Tuesday, May 26, 2015

Gay Africa

Ireland overwhelmingly passed the same-sex marriage referendum by 1,201,607 votes to 734,300 – a total of 62.1 percent yes to 37.9 percent no. It’s difficult to imagine that only a couple of decades ago Irish police used to raid bars and nightclubs. Not to confiscate drugs or arrest the drunk and disorderly – but to remove condom vending machines off restroom walls. Ireland, a predominantly conservative Catholic country has proved that within a generation things can change. Ireland is no longer a theocracy where the church determined social policies. Tolerance can beat dogmatism. And equality can triumph over injustice. Especially with a formerly taboo subject like homosexuality.

It is disappointing the same cannot be said for much of Africa. The mere fact that 34 countries will still arrest and prosecute those it suspects of homosexual activity speaks for itself. In Somalia or Mauritania you might not be sent to jail for being gay – but put to death instead.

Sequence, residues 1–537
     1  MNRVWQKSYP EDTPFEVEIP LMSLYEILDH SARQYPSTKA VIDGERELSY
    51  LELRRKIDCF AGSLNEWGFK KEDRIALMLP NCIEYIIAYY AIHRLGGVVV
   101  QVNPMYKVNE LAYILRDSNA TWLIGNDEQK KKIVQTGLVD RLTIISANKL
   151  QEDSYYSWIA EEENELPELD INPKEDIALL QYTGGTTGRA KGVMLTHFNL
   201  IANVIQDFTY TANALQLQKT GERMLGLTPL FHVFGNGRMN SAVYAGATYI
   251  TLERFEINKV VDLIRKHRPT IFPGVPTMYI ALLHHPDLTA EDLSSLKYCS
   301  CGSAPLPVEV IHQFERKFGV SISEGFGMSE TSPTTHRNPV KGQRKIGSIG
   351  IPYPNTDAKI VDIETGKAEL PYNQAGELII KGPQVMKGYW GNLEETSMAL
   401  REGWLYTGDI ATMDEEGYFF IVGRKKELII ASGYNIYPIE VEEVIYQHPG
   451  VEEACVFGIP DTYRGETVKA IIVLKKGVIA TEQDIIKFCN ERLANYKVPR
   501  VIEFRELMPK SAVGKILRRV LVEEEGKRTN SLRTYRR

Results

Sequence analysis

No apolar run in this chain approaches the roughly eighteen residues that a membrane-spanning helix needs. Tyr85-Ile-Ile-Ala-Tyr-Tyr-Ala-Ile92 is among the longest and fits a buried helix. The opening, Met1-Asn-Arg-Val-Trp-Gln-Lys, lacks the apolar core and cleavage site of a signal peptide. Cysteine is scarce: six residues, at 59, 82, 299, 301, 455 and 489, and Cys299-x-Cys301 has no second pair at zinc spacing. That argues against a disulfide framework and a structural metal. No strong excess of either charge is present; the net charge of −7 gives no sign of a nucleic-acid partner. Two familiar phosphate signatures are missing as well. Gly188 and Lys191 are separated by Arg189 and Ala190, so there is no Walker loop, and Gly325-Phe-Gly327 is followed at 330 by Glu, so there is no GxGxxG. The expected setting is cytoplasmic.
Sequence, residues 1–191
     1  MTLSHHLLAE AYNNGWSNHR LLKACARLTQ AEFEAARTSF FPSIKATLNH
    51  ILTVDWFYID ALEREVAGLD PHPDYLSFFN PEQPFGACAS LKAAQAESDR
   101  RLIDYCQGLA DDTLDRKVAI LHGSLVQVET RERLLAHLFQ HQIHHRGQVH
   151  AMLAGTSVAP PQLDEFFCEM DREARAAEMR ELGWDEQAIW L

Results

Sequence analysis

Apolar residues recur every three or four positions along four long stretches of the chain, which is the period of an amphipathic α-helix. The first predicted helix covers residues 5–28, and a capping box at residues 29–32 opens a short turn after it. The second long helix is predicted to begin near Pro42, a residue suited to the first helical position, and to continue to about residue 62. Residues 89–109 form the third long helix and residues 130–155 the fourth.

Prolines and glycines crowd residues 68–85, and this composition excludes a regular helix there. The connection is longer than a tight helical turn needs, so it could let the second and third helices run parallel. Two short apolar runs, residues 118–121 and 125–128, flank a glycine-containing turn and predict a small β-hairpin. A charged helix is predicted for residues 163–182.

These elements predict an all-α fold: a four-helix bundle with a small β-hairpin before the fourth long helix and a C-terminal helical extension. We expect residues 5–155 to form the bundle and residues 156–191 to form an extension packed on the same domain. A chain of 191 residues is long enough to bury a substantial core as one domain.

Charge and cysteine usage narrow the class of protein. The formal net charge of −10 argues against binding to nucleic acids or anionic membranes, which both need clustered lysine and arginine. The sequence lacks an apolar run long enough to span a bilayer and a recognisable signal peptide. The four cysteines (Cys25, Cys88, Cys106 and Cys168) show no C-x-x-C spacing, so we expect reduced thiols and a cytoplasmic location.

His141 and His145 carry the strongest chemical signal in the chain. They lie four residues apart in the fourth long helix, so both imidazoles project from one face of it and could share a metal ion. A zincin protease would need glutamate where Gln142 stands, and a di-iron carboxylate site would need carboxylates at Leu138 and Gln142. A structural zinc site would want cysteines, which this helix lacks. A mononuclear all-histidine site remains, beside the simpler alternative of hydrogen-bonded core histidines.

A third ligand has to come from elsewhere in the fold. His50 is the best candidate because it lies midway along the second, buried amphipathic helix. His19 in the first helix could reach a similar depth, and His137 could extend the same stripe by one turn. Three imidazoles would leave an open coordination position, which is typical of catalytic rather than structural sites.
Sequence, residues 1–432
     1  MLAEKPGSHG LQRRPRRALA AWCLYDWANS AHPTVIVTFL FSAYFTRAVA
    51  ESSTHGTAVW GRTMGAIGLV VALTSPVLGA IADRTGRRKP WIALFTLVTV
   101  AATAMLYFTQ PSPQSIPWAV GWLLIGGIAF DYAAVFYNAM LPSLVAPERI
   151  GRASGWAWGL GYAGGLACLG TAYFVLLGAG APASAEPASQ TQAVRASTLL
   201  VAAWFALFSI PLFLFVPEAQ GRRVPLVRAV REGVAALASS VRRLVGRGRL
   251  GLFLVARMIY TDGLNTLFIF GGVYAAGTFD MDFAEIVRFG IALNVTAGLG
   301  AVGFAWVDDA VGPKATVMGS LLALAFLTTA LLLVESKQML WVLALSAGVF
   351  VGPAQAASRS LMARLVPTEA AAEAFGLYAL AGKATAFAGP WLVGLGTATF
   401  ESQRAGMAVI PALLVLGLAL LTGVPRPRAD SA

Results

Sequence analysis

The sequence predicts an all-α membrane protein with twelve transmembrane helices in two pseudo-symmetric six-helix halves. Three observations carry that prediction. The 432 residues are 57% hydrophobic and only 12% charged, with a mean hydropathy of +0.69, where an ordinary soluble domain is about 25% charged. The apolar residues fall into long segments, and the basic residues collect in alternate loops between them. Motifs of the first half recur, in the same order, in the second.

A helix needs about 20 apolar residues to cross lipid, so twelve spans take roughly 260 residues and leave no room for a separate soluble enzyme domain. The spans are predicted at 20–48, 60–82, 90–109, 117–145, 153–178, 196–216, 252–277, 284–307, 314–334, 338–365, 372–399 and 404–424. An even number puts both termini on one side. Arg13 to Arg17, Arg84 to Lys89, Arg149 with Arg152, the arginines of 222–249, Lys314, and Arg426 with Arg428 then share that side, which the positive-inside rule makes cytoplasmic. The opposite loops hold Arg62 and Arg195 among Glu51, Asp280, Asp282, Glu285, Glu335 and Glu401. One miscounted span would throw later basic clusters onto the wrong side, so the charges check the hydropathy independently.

Uganda enacted the Anti-Homosexuality Act just last year yet South Africa was the first in the world to safeguard sexual orientation as a human right in its constitution and in 2006 gave the green light for same sex marriage through legislation in the Civil Union Bill.

It’s a sad indictment of our society that people are being persecuted for something that is in as much a person’s control as their choice of parents or skin colour.

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